In recent times, other artists have made an impression on the Wild’s live performances. Their admiration for the likes of Jack White, with his uncompromising stage presences and seemingly endless ability to entertain, is clear.

What stands out about many of these influences is that their careers have been lengthy and featured consistent change and development. The likes of Tom Waits, famed for his extraordinary willingness to experiment, have left a lasting impression on Josh and his band: ‘this is an attitude I try to have to life, not just creatively. Leonard Cohen once said that you’ve always got to be becoming something new. When things get stale, you rest on your laurels; you’ve got to keep growing.’

Of course, the eclecticism of Josh’s influences and their long, complex careers, present another set of problems. Squiff tells me: ‘We have so many different types of song that writing an album’s worth of songs that really fit together in something we’re going to have to focus on.’


Recording is a process that this band appears to have a natural reaction to. Josh tells me that ‘the place to see us at our best is live, and I think it always will be. That’s the only way to capture the band – in the moment they’re in at the time. Recording in a studio is hard because it’s not a natural environment; it’s a contrived setting to play music. One school of thought says that music starts in the studio and then they try to recreate it live. We’re exactly the opposite. The beauty of playing live is the imperfection. The rawness of it brings it to life.’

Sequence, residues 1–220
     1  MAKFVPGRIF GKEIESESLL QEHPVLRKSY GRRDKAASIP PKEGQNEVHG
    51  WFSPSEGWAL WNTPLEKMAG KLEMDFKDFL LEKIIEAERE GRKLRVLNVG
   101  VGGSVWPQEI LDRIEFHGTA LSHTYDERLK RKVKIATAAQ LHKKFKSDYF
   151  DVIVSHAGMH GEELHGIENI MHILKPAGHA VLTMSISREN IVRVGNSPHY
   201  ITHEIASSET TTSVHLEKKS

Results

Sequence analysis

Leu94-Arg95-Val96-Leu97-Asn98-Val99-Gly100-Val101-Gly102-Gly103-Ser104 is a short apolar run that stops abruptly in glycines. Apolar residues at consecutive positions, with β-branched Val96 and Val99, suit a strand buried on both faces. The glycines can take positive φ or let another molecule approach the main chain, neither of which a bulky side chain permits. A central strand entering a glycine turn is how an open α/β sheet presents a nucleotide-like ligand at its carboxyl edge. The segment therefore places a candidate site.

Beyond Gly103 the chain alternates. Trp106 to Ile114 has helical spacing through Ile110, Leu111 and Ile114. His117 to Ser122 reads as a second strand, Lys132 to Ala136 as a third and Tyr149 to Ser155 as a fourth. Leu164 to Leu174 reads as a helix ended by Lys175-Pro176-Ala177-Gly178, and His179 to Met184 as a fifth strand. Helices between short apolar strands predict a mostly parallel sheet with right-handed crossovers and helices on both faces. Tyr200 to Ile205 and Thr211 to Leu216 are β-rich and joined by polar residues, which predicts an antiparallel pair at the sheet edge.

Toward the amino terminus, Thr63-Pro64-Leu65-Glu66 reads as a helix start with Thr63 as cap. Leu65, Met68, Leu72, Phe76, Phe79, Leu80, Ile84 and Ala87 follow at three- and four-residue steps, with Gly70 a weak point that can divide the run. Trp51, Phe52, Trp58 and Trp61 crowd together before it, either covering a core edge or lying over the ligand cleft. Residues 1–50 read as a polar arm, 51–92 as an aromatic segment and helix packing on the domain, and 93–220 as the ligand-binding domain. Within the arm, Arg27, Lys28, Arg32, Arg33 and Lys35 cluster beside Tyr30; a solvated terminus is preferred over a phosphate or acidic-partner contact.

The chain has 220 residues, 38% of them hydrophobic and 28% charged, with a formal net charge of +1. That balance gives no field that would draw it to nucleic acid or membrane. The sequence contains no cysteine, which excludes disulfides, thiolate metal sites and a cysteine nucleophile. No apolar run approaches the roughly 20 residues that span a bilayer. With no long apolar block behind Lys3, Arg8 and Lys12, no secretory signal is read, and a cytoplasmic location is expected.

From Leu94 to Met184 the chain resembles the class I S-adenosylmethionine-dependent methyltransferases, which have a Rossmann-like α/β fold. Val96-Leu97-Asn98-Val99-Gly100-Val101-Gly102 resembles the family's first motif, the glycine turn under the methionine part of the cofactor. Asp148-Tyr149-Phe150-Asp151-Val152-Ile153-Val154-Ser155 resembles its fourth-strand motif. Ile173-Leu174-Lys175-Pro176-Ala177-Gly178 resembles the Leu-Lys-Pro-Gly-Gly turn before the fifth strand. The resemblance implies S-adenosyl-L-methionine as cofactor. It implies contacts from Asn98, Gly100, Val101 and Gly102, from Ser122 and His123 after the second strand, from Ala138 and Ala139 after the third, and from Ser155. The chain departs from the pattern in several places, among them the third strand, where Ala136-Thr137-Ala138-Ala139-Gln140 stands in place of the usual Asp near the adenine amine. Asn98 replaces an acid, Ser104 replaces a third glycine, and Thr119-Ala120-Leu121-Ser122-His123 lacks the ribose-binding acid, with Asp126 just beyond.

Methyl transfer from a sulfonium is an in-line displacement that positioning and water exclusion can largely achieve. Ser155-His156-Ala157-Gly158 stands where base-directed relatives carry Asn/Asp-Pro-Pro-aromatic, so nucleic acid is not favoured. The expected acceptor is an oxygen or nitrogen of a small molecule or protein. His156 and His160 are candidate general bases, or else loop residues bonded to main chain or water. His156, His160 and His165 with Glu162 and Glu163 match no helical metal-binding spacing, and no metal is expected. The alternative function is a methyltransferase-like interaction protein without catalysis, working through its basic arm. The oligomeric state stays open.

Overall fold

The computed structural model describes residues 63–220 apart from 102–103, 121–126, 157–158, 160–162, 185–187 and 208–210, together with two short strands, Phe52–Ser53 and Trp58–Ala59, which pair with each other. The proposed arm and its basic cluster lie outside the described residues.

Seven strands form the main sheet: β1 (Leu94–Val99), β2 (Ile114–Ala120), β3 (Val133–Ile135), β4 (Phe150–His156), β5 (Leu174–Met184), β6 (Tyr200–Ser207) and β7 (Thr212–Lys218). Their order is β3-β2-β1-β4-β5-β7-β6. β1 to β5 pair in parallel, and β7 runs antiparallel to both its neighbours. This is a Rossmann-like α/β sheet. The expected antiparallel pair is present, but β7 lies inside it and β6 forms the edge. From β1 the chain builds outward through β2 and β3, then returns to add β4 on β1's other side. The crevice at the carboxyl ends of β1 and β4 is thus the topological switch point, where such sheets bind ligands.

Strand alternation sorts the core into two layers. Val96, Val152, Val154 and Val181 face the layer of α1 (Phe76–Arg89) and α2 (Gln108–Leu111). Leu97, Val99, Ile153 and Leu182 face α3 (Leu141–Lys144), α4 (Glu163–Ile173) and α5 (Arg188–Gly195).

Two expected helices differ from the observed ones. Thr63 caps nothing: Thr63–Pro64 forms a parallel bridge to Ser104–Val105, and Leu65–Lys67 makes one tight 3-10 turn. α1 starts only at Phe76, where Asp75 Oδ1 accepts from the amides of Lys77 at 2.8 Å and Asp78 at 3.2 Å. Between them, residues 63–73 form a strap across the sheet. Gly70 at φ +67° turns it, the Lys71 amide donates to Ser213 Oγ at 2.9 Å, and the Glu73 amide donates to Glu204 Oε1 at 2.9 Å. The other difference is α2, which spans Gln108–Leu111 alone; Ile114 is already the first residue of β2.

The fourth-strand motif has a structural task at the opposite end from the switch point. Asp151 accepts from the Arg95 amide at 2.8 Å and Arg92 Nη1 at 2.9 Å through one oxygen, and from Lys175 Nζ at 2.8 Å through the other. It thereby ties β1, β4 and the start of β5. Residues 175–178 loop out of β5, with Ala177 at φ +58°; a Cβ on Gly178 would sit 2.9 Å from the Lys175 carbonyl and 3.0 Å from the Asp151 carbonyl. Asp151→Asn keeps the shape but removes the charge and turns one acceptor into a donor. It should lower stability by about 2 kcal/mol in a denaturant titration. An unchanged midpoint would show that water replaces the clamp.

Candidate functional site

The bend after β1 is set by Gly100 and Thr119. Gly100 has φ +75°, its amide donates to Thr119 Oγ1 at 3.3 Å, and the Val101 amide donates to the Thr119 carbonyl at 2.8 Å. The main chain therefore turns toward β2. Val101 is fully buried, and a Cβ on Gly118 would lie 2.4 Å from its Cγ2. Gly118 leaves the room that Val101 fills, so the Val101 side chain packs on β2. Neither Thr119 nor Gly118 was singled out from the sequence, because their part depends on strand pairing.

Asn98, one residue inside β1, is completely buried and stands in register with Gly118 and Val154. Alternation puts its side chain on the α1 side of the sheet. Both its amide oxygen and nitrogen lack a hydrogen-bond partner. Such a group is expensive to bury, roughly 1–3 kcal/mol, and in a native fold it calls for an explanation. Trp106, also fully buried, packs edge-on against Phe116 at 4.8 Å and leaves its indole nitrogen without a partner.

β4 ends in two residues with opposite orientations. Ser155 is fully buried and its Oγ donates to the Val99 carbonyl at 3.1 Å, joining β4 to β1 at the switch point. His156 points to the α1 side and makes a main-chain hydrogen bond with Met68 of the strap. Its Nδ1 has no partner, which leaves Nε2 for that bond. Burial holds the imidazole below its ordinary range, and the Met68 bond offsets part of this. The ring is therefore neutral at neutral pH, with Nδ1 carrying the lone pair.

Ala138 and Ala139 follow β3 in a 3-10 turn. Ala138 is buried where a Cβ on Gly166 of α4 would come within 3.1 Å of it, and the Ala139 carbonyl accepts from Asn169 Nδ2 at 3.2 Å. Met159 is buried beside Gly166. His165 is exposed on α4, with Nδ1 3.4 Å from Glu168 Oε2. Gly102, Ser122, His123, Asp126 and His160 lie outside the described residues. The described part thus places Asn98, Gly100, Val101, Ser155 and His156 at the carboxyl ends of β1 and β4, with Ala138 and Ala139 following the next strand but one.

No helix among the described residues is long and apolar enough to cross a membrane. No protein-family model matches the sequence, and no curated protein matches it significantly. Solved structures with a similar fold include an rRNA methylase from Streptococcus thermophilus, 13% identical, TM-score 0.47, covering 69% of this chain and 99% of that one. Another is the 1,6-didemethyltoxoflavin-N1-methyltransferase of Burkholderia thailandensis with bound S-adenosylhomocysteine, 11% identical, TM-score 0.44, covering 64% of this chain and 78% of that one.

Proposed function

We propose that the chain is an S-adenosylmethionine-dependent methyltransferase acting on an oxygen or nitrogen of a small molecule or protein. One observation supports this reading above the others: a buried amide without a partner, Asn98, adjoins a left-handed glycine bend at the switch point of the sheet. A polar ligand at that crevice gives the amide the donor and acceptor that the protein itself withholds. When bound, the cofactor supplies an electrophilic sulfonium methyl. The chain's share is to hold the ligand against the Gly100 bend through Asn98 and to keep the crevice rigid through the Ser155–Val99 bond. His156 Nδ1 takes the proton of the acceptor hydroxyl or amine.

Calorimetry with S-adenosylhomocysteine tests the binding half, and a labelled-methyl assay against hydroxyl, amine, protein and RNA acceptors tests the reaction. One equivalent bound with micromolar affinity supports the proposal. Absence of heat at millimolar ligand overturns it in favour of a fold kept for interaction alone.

Squiff is hardly more optimistic: ‘it can be really fun but it’s definitely a struggle to capture how we want a song to sound. To find the balance of perfection and imperfection of sound in a recording setting is virtually impossible.


Josh: ‘There aren’t many people telling stories anymore. We’re so influenced by Dylan, the godfather of story-telling and many of our songs begin as stories. For example, one of my friend’s godmothers was going to America with her friend, whose husband was on a life support machine. They had to go over there to turn the machine off before bringing his ashes back to where he was from. I thought it was such a great story and it became a song called ‘Ash in the Back’, which hopefully we’ll be releasing sometime soon.


Josh_078As soon as we start talking about live performance, there’s no doubt what excites Josh Flowers and the Wild more than anything else. ‘Since I was little,’ Josh tells me, ‘I’ve always had this dream of starting a song and people singing it back to me. Because of the instruments we have, we can adjust the set depending on the occasion. But our favourite gigs are the ones where it really kicks off and everyone’s just dancing.’